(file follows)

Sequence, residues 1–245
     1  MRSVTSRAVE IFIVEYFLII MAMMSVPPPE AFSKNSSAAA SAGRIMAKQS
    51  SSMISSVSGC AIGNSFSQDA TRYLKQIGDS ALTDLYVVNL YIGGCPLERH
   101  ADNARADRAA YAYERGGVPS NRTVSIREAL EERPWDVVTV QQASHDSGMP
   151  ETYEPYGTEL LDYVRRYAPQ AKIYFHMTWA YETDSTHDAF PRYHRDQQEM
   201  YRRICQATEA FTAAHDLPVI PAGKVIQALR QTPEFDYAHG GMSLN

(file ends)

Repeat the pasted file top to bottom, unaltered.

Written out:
Sequence, residues 1–245
     1  MRSVTSRAVE IFIVEYFLII MAMMSVPPPE AFSKNSSAAA SAGRIMAKQS
    51  SSMISSVSGC AIGNSFSQDA TRYLKQIGDS ALTDLYVVNL YIGGCPLERH
   101  ADNARADRAA YAYERGGVPS NRTVSIREAL EERPWDVVTV QQASHDSGMP
   151  ETYEPYGTEL LDYVRRYAPQ AKIYFHMTWA YETDSTHDAF PRYHRDQQEM
   201  YRRICQATEA FTAAHDLPVI PAGKVIQALR QTPEFDYAHG GMSLN